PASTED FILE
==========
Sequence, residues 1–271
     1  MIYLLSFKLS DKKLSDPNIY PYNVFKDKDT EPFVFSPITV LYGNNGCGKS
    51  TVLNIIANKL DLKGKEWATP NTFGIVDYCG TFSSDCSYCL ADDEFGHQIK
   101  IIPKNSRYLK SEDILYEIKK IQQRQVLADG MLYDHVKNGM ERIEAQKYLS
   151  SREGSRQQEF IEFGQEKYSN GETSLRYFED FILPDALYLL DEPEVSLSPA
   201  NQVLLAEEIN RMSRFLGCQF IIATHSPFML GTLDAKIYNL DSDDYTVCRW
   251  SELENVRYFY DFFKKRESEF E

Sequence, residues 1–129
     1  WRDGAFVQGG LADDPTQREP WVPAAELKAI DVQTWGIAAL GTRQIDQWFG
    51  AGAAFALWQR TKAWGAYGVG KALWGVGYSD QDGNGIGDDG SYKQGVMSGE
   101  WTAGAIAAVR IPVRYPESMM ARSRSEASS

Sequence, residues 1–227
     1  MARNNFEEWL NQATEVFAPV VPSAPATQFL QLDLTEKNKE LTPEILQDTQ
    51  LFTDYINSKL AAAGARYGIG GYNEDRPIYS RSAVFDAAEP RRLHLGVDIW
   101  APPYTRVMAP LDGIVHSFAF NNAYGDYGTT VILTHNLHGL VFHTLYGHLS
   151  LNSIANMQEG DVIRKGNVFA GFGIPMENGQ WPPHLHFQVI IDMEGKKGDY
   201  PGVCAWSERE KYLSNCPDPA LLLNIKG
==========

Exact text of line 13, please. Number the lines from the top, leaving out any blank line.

     1  MARNNFEEWL NQATEVFAPV VPSAPATQFL QLDLTEKNKE LTPEILQDTQ